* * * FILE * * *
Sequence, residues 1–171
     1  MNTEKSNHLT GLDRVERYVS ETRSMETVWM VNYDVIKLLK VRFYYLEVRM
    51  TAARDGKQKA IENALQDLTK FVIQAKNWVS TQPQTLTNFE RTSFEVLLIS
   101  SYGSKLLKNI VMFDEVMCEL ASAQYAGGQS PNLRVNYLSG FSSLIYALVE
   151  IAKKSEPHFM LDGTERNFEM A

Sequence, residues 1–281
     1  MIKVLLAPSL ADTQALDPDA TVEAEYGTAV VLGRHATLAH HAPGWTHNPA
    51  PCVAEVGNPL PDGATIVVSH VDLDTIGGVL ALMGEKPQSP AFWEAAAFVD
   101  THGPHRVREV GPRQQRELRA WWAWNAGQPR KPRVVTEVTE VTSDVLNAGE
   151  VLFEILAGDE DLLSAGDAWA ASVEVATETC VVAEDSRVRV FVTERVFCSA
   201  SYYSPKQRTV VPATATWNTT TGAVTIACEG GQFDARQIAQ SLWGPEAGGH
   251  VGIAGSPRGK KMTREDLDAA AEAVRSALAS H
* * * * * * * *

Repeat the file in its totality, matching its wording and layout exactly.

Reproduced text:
Sequence, residues 1–171
     1  MNTEKSNHLT GLDRVERYVS ETRSMETVWM VNYDVIKLLK VRFYYLEVRM
    51  TAARDGKQKA IENALQDLTK FVIQAKNWVS TQPQTLTNFE RTSFEVLLIS
   101  SYGSKLLKNI VMFDEVMCEL ASAQYAGGQS PNLRVNYLSG FSSLIYALVE
   151  IAKKSEPHFM LDGTERNFEM A

Sequence, residues 1–281
     1  MIKVLLAPSL ADTQALDPDA TVEAEYGTAV VLGRHATLAH HAPGWTHNPA
    51  PCVAEVGNPL PDGATIVVSH VDLDTIGGVL ALMGEKPQSP AFWEAAAFVD
   101  THGPHRVREV GPRQQRELRA WWAWNAGQPR KPRVVTEVTE VTSDVLNAGE
   151  VLFEILAGDE DLLSAGDAWA ASVEVATETC VVAEDSRVRV FVTERVFCSA
   201  SYYSPKQRTV VPATATWNTT TGAVTIACEG GQFDARQIAQ SLWGPEAGGH
   251  VGIAGSPRGK KMTREDLDAA AEAVRSALAS H